Cassandra was a big driver of issues earlier this year - though this has been largely mitigated. Hopefully the community in general has noticed the platform has been more reliable in general since March - which is the result of an organizational wide focus on solving those problems. You are correct in that AWS stability has rarely (no recent incidents come to mind) been a cause of downtime.
In recent memory - (high level) causes have been:
1. Caching failures which cause stress on our relational database (This was the really bad downtime issue that you quoted me on)
2. Network Connectivity failures with the services that connect to Hubs (Hubs going offline) - a lot of effort being put into finding root causes (Probably not fair to mark this as a single issue but I'm not sure how many details I'm allowed to share here )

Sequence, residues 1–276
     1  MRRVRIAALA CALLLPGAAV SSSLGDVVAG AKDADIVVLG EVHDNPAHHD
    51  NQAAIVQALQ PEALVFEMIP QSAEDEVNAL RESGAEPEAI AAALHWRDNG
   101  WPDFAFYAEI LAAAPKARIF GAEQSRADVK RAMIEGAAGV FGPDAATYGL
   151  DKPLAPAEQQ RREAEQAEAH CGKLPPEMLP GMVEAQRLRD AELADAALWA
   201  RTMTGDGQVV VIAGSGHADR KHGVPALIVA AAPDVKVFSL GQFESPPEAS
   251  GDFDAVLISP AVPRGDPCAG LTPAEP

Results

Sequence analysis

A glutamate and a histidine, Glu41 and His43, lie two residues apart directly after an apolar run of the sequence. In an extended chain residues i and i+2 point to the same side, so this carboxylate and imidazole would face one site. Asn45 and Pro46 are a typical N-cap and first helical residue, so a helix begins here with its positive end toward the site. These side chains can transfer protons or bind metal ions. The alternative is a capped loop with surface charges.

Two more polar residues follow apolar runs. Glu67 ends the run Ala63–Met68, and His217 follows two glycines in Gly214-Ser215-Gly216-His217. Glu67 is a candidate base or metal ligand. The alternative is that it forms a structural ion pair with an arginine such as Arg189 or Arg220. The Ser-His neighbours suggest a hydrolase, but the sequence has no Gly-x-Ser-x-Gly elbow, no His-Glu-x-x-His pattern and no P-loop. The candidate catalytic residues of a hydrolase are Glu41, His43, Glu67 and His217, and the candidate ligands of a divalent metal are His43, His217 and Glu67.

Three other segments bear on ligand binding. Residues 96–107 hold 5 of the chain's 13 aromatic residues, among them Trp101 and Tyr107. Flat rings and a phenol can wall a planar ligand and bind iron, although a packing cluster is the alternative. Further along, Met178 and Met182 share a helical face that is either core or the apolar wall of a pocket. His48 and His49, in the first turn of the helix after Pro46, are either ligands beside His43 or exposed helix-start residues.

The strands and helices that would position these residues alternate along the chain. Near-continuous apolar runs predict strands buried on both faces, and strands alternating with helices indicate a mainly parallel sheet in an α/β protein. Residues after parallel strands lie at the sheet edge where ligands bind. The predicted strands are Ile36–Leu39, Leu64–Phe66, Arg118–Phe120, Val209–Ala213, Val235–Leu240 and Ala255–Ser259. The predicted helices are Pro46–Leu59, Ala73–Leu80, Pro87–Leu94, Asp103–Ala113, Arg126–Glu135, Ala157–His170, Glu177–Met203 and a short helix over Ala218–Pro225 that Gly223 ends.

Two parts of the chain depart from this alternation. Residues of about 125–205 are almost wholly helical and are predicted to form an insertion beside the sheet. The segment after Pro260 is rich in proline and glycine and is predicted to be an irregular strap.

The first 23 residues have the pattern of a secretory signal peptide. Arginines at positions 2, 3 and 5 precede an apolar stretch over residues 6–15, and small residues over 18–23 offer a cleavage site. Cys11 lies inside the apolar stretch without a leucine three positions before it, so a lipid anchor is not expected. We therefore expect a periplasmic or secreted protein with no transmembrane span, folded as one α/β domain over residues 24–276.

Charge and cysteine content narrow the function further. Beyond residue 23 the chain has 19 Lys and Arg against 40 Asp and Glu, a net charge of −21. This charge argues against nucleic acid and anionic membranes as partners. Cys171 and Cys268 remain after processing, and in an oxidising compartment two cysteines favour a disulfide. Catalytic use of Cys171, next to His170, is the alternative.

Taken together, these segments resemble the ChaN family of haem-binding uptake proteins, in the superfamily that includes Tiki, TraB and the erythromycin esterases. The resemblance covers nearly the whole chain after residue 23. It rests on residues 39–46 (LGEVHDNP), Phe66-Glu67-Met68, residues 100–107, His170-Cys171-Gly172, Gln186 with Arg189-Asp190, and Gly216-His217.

3. Deployments. There have been some pretty drastic architectural changes to facilitate performance improvements and bug fixes. Occasionally some unforeseen bugs creep into Production but these have largely been very localized (think IDE only issues or affecting a small subset of users).
There are of course out standing issues out there that impact users on a day to day basis - engineering communicates with support frequently to get reports on what issues their team is fielding the most, which helps drive our prioritization. This is probably why Tim and Jody are constantly reminding everyone to contact support when they run into problems .